API and NPRA, in written comments to US EPA, warn that a pending rule to reduce the sulfur content in US diesel fuel could cause shortages of the fuel. EPA has proposed to cut sulfur content in diesel fuel from the current 500 ppm to 15 ppm by 2006 (OGJ Online, May 17, 2000). A final rule is expected in December. API says the proposed rule does not adequately estimate the costs on industry, the potential for supply shortages, or the effects on consumers. The refiners' group urges EPA to reconsider both the level and timing of the diesel sulfur regulation, noting that refinery operations already are strained. It says the rule could result in a diesel supply shortfall of 10-20% in 2006 "because many refineries, importers, and fuel distributors may find it impossible to comply."
HS RESOURCES IS TO PAY A $700,000 PENALTY FOR ILLEGALLY DESTROYING 20 ACRES OF LOUISIANA WETLANDS, says the US Department of Justice.
Also, in the settlement filed in federal court, HS Resources agreed to spend $500,000 acquiring wetlands in the Calcasieu River watershed and will convey that acreage to the nonprofit Nature Conservancy for preservation.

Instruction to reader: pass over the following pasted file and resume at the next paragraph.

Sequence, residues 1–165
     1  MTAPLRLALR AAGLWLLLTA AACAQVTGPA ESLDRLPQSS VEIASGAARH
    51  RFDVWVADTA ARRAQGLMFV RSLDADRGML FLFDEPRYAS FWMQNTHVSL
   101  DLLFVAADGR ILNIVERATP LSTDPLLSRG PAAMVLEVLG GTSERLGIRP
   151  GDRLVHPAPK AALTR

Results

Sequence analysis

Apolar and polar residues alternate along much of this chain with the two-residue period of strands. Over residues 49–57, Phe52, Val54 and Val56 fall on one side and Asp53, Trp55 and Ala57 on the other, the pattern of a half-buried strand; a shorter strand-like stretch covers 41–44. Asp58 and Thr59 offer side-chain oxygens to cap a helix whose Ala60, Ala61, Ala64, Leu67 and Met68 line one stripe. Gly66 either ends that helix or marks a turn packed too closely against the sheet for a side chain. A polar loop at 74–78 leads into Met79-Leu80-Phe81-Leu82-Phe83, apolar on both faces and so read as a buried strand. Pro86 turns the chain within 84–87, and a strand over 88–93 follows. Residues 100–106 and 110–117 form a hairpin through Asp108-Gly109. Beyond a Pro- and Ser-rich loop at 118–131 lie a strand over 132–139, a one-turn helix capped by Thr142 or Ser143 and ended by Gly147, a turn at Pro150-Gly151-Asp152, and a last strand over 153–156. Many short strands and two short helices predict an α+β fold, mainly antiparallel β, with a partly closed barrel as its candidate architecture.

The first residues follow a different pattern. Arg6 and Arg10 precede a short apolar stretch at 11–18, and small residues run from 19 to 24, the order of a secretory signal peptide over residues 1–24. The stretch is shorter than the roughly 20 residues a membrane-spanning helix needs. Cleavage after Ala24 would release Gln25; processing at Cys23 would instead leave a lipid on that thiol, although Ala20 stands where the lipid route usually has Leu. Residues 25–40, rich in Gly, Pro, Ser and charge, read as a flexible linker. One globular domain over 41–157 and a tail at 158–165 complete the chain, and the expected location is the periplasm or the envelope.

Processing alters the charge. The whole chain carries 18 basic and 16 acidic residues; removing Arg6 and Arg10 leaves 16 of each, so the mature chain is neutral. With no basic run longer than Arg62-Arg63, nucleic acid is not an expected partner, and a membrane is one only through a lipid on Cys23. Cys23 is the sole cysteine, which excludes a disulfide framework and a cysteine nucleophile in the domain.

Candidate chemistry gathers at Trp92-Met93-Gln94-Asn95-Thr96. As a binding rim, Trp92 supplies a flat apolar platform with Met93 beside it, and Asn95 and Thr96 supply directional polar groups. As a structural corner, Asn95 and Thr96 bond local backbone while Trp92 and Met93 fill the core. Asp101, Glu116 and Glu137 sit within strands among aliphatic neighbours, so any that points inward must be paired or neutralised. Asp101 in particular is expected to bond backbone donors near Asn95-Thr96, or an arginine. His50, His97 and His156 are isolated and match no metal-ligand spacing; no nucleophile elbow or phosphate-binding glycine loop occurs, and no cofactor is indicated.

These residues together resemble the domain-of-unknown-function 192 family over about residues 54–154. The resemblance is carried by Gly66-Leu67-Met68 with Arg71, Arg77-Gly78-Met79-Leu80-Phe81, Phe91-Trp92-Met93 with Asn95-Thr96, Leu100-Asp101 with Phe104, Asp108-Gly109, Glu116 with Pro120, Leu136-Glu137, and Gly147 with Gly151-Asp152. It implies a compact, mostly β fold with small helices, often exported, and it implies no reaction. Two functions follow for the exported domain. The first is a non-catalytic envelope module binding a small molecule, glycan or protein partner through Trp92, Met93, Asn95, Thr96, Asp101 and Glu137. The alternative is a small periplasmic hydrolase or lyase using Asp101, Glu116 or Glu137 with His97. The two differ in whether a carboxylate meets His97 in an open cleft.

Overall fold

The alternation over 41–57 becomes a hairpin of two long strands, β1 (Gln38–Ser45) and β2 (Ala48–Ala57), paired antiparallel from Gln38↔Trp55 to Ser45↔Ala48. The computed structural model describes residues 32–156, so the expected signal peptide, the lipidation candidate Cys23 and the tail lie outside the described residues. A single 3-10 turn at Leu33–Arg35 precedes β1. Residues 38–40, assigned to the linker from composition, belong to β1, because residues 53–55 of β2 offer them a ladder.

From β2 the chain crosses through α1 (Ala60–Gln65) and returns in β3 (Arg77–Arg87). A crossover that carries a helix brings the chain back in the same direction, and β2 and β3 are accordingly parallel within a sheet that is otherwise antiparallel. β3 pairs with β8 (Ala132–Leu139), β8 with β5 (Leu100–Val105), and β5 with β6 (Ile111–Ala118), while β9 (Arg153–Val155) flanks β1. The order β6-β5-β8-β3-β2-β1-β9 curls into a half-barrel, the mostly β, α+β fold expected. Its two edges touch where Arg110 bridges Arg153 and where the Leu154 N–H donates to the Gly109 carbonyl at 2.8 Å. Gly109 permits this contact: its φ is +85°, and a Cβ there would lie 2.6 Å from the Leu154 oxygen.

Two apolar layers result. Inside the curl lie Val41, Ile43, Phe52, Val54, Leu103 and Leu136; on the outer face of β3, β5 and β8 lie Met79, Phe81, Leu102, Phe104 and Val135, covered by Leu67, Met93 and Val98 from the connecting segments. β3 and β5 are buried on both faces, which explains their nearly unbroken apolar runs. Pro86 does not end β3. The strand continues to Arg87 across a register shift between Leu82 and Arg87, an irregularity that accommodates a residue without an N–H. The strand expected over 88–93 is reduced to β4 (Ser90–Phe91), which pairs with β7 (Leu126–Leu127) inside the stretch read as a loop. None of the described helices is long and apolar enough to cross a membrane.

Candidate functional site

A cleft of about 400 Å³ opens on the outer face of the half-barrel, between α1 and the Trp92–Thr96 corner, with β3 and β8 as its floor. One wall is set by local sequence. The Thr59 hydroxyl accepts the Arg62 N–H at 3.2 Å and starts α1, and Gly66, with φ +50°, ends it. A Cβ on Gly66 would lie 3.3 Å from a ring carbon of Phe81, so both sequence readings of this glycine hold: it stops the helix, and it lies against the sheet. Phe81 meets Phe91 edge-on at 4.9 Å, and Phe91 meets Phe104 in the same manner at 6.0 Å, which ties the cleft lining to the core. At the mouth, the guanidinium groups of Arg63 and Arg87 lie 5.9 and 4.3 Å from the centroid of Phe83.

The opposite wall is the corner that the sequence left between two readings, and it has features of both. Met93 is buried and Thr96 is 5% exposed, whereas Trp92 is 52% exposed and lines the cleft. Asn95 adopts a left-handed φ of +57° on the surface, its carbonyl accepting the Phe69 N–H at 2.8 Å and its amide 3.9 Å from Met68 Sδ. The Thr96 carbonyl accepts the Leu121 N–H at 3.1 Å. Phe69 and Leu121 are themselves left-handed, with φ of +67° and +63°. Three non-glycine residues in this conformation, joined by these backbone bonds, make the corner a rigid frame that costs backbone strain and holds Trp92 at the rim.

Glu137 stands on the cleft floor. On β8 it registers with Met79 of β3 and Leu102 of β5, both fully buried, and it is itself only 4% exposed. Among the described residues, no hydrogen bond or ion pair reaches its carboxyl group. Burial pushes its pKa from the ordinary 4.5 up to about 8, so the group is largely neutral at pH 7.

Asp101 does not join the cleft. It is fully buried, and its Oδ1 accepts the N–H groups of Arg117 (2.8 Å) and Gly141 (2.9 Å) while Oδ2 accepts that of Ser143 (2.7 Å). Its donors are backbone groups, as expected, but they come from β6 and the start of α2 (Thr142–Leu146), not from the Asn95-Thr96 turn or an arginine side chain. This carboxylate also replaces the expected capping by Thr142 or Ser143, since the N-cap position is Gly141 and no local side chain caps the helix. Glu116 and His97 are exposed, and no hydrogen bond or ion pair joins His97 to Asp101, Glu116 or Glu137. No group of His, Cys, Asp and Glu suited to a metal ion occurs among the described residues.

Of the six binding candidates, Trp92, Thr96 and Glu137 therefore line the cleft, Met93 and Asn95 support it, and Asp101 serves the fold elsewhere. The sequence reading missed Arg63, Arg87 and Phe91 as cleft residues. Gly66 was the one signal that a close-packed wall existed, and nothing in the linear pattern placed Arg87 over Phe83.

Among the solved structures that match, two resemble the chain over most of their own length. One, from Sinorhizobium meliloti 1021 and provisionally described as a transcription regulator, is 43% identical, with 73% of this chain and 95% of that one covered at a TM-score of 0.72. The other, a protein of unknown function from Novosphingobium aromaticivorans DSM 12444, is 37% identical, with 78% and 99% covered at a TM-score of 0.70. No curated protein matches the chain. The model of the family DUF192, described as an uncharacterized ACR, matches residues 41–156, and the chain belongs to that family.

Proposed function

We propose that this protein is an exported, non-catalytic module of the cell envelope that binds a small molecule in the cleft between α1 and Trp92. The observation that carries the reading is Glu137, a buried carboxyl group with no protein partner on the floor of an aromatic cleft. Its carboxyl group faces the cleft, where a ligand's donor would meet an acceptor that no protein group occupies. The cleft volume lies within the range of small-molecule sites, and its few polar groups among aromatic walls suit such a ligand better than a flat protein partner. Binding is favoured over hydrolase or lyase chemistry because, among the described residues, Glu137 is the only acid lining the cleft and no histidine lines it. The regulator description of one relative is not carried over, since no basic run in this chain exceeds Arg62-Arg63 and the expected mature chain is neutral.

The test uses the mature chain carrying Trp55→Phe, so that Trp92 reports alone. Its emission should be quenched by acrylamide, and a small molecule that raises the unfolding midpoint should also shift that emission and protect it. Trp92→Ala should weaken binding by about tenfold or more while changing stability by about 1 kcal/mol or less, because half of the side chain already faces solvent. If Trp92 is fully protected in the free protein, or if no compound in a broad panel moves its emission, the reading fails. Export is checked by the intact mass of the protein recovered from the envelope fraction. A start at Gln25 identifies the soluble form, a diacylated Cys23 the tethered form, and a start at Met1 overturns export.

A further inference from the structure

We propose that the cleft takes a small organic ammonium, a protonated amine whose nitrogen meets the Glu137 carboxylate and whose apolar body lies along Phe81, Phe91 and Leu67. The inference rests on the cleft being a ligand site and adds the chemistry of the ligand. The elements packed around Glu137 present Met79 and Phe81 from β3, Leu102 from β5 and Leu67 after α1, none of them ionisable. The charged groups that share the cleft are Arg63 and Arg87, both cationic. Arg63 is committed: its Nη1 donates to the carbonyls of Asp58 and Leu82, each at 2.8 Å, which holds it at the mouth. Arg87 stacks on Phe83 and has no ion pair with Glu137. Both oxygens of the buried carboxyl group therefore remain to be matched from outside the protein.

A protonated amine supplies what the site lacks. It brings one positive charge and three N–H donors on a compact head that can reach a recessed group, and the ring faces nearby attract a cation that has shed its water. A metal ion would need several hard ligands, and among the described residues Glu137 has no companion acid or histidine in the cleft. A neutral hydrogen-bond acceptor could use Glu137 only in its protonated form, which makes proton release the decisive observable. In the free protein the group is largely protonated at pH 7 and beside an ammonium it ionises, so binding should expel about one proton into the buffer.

Under the settlement, within 2 weeks, HS Resources must apply for an after-the-fact permit for its drilling activities.
If the corps issues a permit, HS Resources would have to mitigate the environmental effects of past drilling. If it denies the permit, the company would have to restore the drilling sites.
Phillips's Maureen platform may be refloated.
Norway's Aker Maritime has clinched a further £7 million contract connected to Phillips Petroleum's decommissioning plans for Maureen platform in the UK North Sea.
The new deal to tow the giant steel gravity base to the Aker Stord facility, clean its three storage tanks, and carry out a "thorough inspection" of the platform, builds on a 500 million kroner contract awarded last year to the Norwegian company to engineer the structure's refloating.
Should Phillips fail to find the "reuse opportunity" for the Maureen platform, Aker also has been provisionally contracted to dismantle the structure. The installation is scheduled to be refloated next summer.